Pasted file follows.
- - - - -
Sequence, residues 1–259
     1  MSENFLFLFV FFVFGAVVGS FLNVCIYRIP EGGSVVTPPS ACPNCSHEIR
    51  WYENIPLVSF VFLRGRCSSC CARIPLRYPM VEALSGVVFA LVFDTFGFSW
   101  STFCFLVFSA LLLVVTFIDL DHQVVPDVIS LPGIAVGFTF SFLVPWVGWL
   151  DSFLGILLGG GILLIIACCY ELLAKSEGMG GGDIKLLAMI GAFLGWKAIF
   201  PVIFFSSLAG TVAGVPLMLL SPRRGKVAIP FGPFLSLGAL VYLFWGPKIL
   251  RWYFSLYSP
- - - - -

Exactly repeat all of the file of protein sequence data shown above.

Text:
Sequence, residues 1–259
     1  MSENFLFLFV FFVFGAVVGS FLNVCIYRIP EGGSVVTPPS ACPNCSHEIR
    51  WYENIPLVSF VFLRGRCSSC CARIPLRYPM VEALSGVVFA LVFDTFGFSW
   101  STFCFLVFSA LLLVVTFIDL DHQVVPDVIS LPGIAVGFTF SFLVPWVGWL
   151  DSFLGILLGG GILLIIACCY ELLAKSEGMG GGDIKLLAMI GAFLGWKAIF
   201  PVIFFSSLAG TVAGVPLMLL SPRRGKVAIP FGPFLSLGAL VYLFWGPKIL
   251  RWYFSLYSP